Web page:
– Researching conservation topics and presenting your findings to the rest of the group.
2. Help brief new volunteers on the project:
Volunteers staying for multiple weeks can gain responsibility and develop their leadership skills by presenting the project brief to new volunteers and answering questions where possible.
You will be staying at our Fuze Ecoteer Flat in the small village of Merapoh. The flat has 3 bedrooms, a kitchen and a great roof top for watching the stars! Phone reception is available at the accommodation area. 3G internet is available and also a very slow wifi connection.
Collect Animal Presence Data on your Treks
The Sungei Yu Forest Reserve forms part of a tiger corridor which connects Taman Negara National Park and the main Titiwangsa Mountain Range. Poaching was high in the area, but thanks to patrols from MYCAT and Fuze Ecoteer, the amount of poaching has seemingly decreased. Fewer snares and traps have been found since 2014.
However, we still need jungle trekking for conservation, as significant poaching continues in the area. We pass the animal presence data (pug marks, scratching etc.) to University Science Malaysia for analysis and share with NGOs and researchers. For example, the NGO ‘MEME’ – Management and Ecology of Malaysian Elephants receives our elephant data. And, the logged information on the Malayan Tiger and Sambar Deer goes to MYCAT.
Protecting the Local Limestone Caves
However, this isn’t just fun. Many of the caves are earmarked to be cut down and quarried for their lime. An increased tourism presence at the caves is showing the government and local people what potential these caves have for tourism. Most importantly, this promotes a reason for their preservation.
1.What are the requirements needed to join this program?
Volunteers will need to be able to speak English or Bahasa Malaysia to be able to communicate with the facilitator. The minimum age requirement is 16 years old without parents and any age with their parents. Volunteers should also have low-medium fitness, a positive attitude and willing to participate in all tasks and walks.
2.How do I get to Merapoh from Kuala Lumpur?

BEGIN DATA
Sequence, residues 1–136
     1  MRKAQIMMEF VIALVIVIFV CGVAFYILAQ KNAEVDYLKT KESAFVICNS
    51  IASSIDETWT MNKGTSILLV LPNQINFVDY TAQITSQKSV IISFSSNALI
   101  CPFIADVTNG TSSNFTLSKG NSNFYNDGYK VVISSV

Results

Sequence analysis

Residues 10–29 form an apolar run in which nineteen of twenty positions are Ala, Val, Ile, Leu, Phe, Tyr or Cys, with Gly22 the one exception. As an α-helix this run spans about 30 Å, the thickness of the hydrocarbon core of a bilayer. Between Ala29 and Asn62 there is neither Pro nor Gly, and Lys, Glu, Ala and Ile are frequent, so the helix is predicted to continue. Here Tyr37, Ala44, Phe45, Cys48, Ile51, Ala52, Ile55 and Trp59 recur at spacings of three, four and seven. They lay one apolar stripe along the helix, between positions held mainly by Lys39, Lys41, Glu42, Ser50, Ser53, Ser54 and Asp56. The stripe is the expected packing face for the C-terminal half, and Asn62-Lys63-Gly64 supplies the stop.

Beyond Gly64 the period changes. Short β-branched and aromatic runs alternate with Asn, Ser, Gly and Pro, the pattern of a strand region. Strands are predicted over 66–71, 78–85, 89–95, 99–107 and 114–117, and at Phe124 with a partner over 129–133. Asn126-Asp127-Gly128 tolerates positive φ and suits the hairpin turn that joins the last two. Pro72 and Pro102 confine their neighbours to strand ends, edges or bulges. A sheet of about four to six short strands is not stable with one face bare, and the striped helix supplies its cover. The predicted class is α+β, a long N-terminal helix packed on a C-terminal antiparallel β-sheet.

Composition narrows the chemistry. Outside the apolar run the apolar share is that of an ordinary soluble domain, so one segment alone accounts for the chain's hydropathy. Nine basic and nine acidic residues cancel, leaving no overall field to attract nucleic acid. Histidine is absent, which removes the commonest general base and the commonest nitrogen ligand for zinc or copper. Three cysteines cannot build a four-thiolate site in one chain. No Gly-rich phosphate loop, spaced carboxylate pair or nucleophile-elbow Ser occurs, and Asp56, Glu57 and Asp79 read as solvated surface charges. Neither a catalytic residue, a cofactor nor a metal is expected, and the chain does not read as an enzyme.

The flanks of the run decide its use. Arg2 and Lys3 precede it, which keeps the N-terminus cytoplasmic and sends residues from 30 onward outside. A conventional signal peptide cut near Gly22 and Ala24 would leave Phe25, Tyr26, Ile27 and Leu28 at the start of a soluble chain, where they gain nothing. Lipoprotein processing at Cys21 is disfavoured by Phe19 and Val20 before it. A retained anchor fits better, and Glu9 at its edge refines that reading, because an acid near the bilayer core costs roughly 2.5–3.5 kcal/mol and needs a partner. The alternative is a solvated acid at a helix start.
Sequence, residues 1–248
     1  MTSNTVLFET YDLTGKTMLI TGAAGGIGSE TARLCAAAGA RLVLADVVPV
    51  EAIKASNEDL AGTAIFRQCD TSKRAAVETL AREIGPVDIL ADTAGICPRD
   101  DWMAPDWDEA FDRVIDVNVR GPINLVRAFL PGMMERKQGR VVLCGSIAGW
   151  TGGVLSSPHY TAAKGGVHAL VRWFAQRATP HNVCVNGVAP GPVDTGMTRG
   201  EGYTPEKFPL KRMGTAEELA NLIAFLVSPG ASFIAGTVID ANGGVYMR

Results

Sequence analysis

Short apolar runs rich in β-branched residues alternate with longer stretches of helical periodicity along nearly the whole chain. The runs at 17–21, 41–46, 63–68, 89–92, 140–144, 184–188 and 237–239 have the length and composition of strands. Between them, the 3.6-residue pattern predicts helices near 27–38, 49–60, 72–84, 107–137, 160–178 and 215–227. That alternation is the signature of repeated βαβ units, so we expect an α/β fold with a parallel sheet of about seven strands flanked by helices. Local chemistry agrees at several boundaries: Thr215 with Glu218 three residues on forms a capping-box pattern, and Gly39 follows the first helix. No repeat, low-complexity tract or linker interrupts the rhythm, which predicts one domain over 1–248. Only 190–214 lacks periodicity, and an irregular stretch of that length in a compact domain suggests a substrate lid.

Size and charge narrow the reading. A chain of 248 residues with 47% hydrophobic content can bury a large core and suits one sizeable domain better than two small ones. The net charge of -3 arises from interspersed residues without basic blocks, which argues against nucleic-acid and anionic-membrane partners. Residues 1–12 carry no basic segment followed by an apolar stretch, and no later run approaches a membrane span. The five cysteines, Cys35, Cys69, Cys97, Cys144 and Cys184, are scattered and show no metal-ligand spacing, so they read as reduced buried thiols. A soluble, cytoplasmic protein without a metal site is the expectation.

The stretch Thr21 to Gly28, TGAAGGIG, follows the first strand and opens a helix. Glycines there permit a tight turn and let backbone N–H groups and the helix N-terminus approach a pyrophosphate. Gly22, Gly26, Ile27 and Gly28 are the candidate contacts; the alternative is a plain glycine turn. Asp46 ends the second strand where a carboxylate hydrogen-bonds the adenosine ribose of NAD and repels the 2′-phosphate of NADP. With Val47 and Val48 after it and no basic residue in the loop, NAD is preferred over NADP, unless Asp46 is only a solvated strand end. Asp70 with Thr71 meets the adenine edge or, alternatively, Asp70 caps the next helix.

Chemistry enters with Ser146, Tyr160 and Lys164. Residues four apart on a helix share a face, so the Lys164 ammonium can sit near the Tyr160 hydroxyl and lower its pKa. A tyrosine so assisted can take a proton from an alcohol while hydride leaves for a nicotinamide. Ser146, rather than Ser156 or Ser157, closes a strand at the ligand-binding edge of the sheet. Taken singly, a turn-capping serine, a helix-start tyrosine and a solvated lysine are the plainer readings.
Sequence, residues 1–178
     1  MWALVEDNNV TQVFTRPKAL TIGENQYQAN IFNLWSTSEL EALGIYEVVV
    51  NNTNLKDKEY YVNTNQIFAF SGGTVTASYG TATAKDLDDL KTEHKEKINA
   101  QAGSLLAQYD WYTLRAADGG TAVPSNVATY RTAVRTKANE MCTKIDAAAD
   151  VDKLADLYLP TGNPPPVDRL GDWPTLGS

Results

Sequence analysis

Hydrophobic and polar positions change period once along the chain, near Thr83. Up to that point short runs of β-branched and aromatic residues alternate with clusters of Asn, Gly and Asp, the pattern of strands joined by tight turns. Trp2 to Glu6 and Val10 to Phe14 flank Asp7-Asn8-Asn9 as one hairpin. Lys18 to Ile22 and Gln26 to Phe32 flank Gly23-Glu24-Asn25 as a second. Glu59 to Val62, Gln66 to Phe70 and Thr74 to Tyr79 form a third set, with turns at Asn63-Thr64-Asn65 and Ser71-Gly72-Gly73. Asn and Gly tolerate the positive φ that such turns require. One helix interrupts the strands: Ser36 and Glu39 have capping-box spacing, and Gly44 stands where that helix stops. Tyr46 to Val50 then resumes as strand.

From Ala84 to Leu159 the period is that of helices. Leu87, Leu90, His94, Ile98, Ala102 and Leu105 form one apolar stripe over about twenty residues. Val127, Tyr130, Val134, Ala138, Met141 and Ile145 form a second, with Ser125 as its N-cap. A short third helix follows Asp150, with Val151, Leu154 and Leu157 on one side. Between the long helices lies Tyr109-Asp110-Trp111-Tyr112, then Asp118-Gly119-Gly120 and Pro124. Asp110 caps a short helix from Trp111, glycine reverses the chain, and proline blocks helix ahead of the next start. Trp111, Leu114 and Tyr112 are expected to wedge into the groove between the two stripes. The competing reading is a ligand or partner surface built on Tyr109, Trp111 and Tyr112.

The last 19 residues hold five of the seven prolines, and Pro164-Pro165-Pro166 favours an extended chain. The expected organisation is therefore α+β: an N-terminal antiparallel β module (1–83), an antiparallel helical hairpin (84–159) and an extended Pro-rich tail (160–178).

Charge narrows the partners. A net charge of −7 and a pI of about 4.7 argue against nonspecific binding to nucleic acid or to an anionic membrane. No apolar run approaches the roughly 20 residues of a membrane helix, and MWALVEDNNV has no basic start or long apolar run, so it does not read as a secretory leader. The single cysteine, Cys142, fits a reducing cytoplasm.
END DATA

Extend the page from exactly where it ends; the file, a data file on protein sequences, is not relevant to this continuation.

Bus: From Hentian Putra Bus Terminal Kuala Lumpur, take a bus to Merapoh. You will need to inform the bus driver that you wish to be dropped off at Merapoh as it is not a major bus stop location.
3.What vaccinations do I need?
Hepatitis A, Hepatitis B, typhoid, measles, mumps, rubella (MMR), tetanus-diphtheria. Anti Malaria pills are encouraged to be brought even though cases of Malaria are seldom recorded.
4.Any details on visa?
Tourist from the following countries will receive a 90 day free tourist visa upon arrival:
Albania, Algeria, Argentina, Australia, Austria, Bahrain, Belgium, Bosnia-Herzegovina, Brazil, Canada, Croatia, Cuba, Czech Republic, Denmark, Egypt, Finland, France, Germany, Hungary, Iceland, Ireland, Italy, Japan, Jordan, Kirgystan, Kuwait, Kyrgyz Republic, Lebanon, Lienchestien, Luxembourg, Morocco, Netherland, Norway, Oman, Peru, Poland, Qatar, Romania, St Marino, Saudi Arabia, Slovakia, South Korea, Spain, Sweden, Switzerland, Tunisia, Turkey, Turkmenistan, United Arab Emirates, United Kingdom, United States, Uruguay, Yemen.
5. What it the minimum age to join?
Volunteers aged 18 years old and above can come with no parental consent. Volunteers aged 16-17 can come, with parental consent only. Those aged under 16 must come with their parents.
6. Is this program suitable for families with young children?
Families with children (age 15+) can participate. Take note that the jungle walks may be tough as the path could be muddy & damp, slippery during the rainy season and hot and humid all year round.
7. Is it possible to have our own room?
No. All volunteers will be staying in shared accommodation.
8. How many hours per day do volunteers volunteer?
The volunteering activities run from morning until evening with a lunch break in between. Precise timetabling depends on the weather as some activities may be delayed if it rains.